Sheriff balances budget, safety at detention center

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SHERIDAN — Sheridan County taxpayers spent $2,639,820 on the Sheridan County Detention Center operations in 2017, more than any other item on the Sheridan County general fund expense budget. For those not anticipating a trip to jail anytime soon, looking at booking and incarceration processes may help taxpayers understand how the Sheridan County Sheriff’s Office spends those dollars.

“It’s a burden on our taxpayers that we take seriously and try and diminish as much as possible,” Sheridan County Sheriff Allen Thompson said. “But we have to provide [food and other] services to our inmates.”

Sheridan County contracts out medical and food services but takes care of safety, security, management and transfers internally.

Cpl. Charlie Gibbons, a detention officer in charge of safety and security of the jail, helps with the booking process daily. While the process itself is routine, each day looks different than the one before. Gibbons has learned in his tenure at SCSO that he must stay adaptable and learn how to navigate many different job titles.

“I’m going from booking somebody in to breaking up a fight to having to serve meals to handing out mail to answering questions about court,” Gibbons explained.

“There’s so much that can happen, and that’s just through one walkthrough of the jail.”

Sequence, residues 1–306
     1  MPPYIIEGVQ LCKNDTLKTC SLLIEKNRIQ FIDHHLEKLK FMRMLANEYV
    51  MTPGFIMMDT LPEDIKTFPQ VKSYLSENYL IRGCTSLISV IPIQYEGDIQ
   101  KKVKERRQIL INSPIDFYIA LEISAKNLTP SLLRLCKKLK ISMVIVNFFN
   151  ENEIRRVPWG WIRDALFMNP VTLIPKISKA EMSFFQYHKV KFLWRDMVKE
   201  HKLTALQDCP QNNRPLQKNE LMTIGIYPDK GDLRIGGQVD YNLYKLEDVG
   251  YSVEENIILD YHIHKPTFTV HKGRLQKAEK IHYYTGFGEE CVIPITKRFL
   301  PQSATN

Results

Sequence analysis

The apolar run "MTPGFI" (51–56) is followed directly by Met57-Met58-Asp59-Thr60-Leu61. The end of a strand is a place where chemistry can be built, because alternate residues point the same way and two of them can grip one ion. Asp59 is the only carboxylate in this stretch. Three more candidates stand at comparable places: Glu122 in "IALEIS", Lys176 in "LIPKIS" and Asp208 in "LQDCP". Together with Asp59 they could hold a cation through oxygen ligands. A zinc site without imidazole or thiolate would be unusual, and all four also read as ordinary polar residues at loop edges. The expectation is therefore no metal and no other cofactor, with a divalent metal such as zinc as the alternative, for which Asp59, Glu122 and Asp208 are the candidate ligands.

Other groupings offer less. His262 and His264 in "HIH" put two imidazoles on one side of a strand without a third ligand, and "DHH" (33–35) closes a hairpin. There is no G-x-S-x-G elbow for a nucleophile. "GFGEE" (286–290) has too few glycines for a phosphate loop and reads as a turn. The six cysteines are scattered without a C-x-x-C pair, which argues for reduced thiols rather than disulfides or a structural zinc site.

Detention officers’ contact with inmates starts at the booking process, when police officers or sheriff’s deputies take the arrested person into the detention center on the second floor of the joint law enforcement building. They complete the inmates’ second search of the day, which looks exactly the same for each incoming inmate.

Gibbons said detention officers aid patrol officers and deputies with booking to help expedite the process and allow inmates to make their single phone call.

The emotions and intoxication factor run high during booking, so treating everyone with kindness and respect is a requirement.

“The majority of the people we deal with, it’s the worst day of their life; nobody wants to be arrested and taken to jail,” Gibbons said.

The booking process includes typical inquiries like name, address and information about tattoos on the body. Officers take booking pictures, fingerprint the inmates and change them into an orange jail uniform.

Each inmate is also screened for medical needs. Access to administered prescribed drugs and other in-house and inpatient care needs are met while in the care of the county.

The book-in process remains an integral part of incarceration in Sheridan County to ensure the safety and security of both the community and the arrested individual. Thompson said it’s a requirement to adequately care for the inmates’ daily needs.

“I view it from this side, but when you explain it to the general public why our general budget is $2.6 million a year, that’s hard to swallow; but it’s required,” Thompson said.

Different aspects of inmate care at the Sheridan County Detention Center are always changing, said Lt. Emily Hizer, who runs the detention center.

Two of the most positive changes for the jail were in-home medical care through Correct Care Solutions and in-home food services. This allows detention staff to stay in the detention center instead of running to get meals from the hospital or transporting ailed inmates to seek medical care, essentially translating to savings for taxpayers in salary costs.

Thompson and his team constantly look for efficiencies within the incarceration system while keeping focused on the welfare of the inmates and detention center staff, community safety and taxpayer dollars.

By |Apr. 17, 2018|

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